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ARS Home » Pacific West Area » Davis, California » Western Human Nutrition Research Center » Obesity and Metabolism Research » Research » Publications at this Location » Publication #246746

Title: Vegetable variety is a key to improved diet quality in low-income women in California

item Keim, Nancy
item FORESTER, SHAVAWN - University Of California
item LYLY, MARIKA - Vtt Technical Research Centre Of Finland
item AARON, GRANT - University Of California
item TOWNSEND, MARILYN - University Of California

Submitted to: Journal of the Academy of Nutrition and Dietetics
Publication Type: Peer Reviewed Journal
Publication Acceptance Date: 7/8/2013
Publication Date: N/A
Citation: N/A

Interpretive Summary: Studies have shown that people who choose a greater variety of vegetables tend to be less obese than those whose diets have less variety of vegetables. Yet, there is very little information on variety of vegetable consumption specific to low-income populations. We assessed the diets of a sample of low-income women and found that the variety of vegetable consumption was not related to measures of obesity in this group. However, when a greater variety of vegetables was consumed, other aspects of diet quality improved, such as more vegetables were consumed on a daily basis, more fruit was consumed, more whole grains were chosen, and less empty calories were consumed. Those consuming a greater variety of vegetables also thought it was important that the foods they ate were healthy. Nutrition education programs for this population should emphasize the importance of eating a variety of vegetables as one way to improve the overall quality of the diet.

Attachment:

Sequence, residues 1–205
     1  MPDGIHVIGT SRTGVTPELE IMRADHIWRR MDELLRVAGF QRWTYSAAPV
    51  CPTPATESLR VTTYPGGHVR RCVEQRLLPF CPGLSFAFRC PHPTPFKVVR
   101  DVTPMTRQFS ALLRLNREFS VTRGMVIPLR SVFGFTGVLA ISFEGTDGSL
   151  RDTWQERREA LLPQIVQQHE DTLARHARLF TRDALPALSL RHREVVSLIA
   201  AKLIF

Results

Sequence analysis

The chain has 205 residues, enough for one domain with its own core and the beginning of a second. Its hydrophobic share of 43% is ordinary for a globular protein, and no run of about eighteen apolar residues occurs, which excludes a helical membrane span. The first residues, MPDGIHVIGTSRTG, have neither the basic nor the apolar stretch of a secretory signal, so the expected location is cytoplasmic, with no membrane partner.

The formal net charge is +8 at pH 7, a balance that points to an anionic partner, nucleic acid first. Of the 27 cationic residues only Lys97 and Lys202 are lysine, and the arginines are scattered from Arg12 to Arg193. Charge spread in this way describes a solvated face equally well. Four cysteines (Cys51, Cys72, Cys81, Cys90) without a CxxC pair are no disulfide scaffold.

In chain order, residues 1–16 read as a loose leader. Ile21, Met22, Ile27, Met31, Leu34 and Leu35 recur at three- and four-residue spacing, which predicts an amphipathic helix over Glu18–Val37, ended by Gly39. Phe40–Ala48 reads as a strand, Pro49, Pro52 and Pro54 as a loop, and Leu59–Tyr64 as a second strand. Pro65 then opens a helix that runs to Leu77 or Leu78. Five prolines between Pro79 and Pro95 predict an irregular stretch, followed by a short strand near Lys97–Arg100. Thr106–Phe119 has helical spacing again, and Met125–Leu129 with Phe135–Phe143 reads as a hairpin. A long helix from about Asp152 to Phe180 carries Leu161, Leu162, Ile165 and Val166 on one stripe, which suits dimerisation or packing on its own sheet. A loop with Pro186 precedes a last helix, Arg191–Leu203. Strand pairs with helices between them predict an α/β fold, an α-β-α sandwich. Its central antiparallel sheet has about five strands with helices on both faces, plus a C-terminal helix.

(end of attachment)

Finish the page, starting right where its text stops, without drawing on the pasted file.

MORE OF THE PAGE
Technical Abstract: The Dietary Guidelines for Americans include recommendations for quantity and quality of vegetable intake. The objective of this study was to determine if there is an association between variety of vegetable intake and measures of diet quality and diet cost in a sample of low-income women in California. A cross-sectional study was conducted that assessment of dietary intake by a food frequency questionnaire and three 24-h recalls; food behaviors and attitudes; and diet cost estimates. Female participants (n=112), ages 20 to 55 y, BMI 17.7 to 68.5 kg/m2, were enrolled; they were the primary food purchasers/preparers for their households. They were recruited from four California counties representing rural, urban, and suburban areas. Diet energy density and Healthy Eating Index-2005 were used to assess diet quality. Vegetable variety was classified based on number of vegetables consumed per week: low variety (LV) less than or equal to 5 different vegetables/wk, moderate variety (MV) 6-9 vegetables/wk, and high variety (HV)greater than or equal to 10 vegetables/wk. One-way ANOVA was used to determine group differences in diet quality parameters. Cross-tabulations and X2 tests evaluated group differences in descriptive variables. Compared to the LV group, participants in the HV group ate a greater quantity of vegetables per day (p<0.0001); their diets had a higher HEI score (p<0.001) and lower energy density (p<0.001); and costs associated with their daily diet and vegetable use were higher (p<0.0001). Greater vegetable variety was related to better overall diet quality, a larger quantity of vegetables consumed, and increased diet cost. Primary prevention education interventions such as those sponsored by the US Department of Agriculture for low-income families encourage and support increases in vegetable intake. Promoting vegetable variety (instead of total intake) as a behavioral strategy may be a surrogate for increased vegetable consumption and should be explored. Those interventions should include ways to moderate food costs.